Sensory-based hierarchical control of intelligent multi-vehicle systems
April 2023 – April 2025
The research goal of this proposal is to develop a novel hierarchical control framework that enables multi-vehicle systems (MVS) to distribute, manage, and execute complex tasks in possibly dynamic and unstructured environments with safety guarantees and computational efficiency. For specified low-level navigation tasks, a unified theory will be developed devoted to distributed estimation and formation tracking control problems endowed with reactive collision avoidance abilities based on onboard local sensors (e.g., cameras or range finders). Decision-making mechanisms will be integrated to coordinate high-level navigation tasks to provide MVS with the capability to cooperatively specify the overall task and competitively allocate sub-tasks for each vehicle while ensuring efficient time and energy consumption.
The proposed framework will also enable a set (possibly the whole group) of agents to instantaneously choose and execute between different tasks reacting to real-time environmental changes in a prescribed mission. The innovative framework and algorithms will be developed with rigorous mathematical analysis and realistic simulations, potentially including engineered implementations that address practical urban challenges like search and rescue and intelligent transportation using aerial and sidewalk robots.
Recent decades have witnessed the rapid expansion of autonomous robotic vehicles, such as self-driving cars, drones, autonomous marine vehicles, etc. They are envisioned as essential tools to venture into unsafe areas, enhance human sensory and manipulation abilities, or explore unstructured and possibly dangerous environments. Since a single autonomous agent typically makes it impossible to perform tasks in vast areas or complicated tasks that have to be decomposed into sub-tasks performed by multiple agents, both industry and academia have shown a great interest in the scientific area of networked autonomous vehicle systems, which are systems that can interact and coordinate with each other.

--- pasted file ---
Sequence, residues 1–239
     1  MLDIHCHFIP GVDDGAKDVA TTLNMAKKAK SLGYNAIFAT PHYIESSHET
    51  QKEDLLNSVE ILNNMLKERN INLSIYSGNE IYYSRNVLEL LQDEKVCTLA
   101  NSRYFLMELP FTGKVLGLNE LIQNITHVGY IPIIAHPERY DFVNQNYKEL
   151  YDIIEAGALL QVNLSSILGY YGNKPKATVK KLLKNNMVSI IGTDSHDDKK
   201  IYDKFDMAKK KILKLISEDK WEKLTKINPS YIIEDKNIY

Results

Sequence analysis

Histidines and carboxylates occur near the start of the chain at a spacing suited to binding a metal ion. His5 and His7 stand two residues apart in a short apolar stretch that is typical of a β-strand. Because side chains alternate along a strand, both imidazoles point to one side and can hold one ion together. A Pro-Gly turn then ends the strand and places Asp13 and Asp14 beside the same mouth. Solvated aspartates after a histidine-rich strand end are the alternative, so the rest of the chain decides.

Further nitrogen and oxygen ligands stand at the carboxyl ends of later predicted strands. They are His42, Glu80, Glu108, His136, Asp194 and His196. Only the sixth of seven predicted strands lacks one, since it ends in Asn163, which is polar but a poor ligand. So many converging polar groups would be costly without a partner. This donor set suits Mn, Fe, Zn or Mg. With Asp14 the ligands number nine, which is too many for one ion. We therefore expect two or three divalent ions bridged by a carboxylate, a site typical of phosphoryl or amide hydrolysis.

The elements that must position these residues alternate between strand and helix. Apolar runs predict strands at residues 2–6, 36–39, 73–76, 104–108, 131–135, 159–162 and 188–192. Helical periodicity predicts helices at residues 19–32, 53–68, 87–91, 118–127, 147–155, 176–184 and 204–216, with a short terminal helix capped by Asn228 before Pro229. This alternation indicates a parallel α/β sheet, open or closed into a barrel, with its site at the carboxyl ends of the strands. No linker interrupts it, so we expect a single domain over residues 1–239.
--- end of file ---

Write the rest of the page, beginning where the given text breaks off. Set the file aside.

Although academic work on controlled multi-vehicle systems (MVS) has become ever-expanding recently, a large gap exists between current capabilities and required ones in real-world scenarios. For MVS to perform a wide range of tasks, autonomous navigation and control is a fundamental ability under which each vehicle should interact safely with neighbour vehicles and the surrounding environment. However, most existing control algorithms rely on full-state measurements, limiting their applicability to specific applications with suitably equipped experimental areas.
GPS signal is typically unreliable for practical scenarios involving tasks in urban canyons or congested environments. Hence, robust and computationally efficient distributed controllers and estimation algorithms must be designed based on onboard exteroceptive sensors (such as laser range finders, vision, and acoustic sensors). However, the documented results for robotic vehicles using onboard sensors have been limited to ad hoc scenarios. Moreover, the current practice of MVS is often conducting simple missions with restricted autonomy based on offline and centralized supervision and planning, assuming the environment is static and known, such as lighting shows via drones and delivering in warehouses via mobile robots.
About the Digital Futures Postdoc Fellow
Zhiqi Tang is a Digital Futures Postdoctoral Fellow at the Division of Decision and Control Systems of KTH Royal Institute of Technology, Sweden. From 2021 to 2022, she was a postdoctoral researcher with the Institute for Systems and Robotics. She was an Invited Assistant Professor in the Department of Electrical and Computer Engineering at Instituto Superior Técnico (IST) in Portugal.
She earned a double PhD in Automatic Control and Robotics from IST, University of Lisbon, Portugal, and I3S-CNRS, Université Côte d’Azur, France, in 2021. She obtained her B.S. in Electrical and Computer Engineering from the University of Macau, Macau SAR, China, in 2015.
Her research interests focus on the estimation, control, and decision-making in multi-agent systems, with applications in Robotics and Transportation Systems.
Jonas Mårtensson, Associate Professor, Division of Decision and Control Systems at KTH
Karl H. Johansson, Professor, Division of Decision and Control Systems at KTH
Michele Simoni, Assistant Professor, Transport Systems Analysis at KTH
Watch the recorded presentation at the Digitalize in Stockholm 2023 event:
Digital Futures Postdoctoral Fellow, Postdoc project: Sensory-based hierarchical control of intelligent multi-vehicle firstname.lastname@example.org
Associate Professor, Division of Decision and Control Systems at KTH, Vice Chair Working group Smart Society, Co-PI: ChEss Machines For ElectriFiEd Construction SiTes (EFFECT), Co-PI: GEO-based Multi-layer Environmental Modelling of Urban TRaffIC (GEOMETRIC), Co-PI: Investigating Sidewalks’ Mobility and Improving it with Robots (ISMIR), Digital Futures Faculty+46 70 190 97 98
Karl H. Johansson
Professor, Division of Decision and Control Systems at KTH, Director of Digital Futures, Member of the Executive Committee, Member of the Strategic Research Committee, Co-PI of research project Humanizing the Sustainable Smart City (HiSS), Digital Futures Faculty+46 73 404 73 21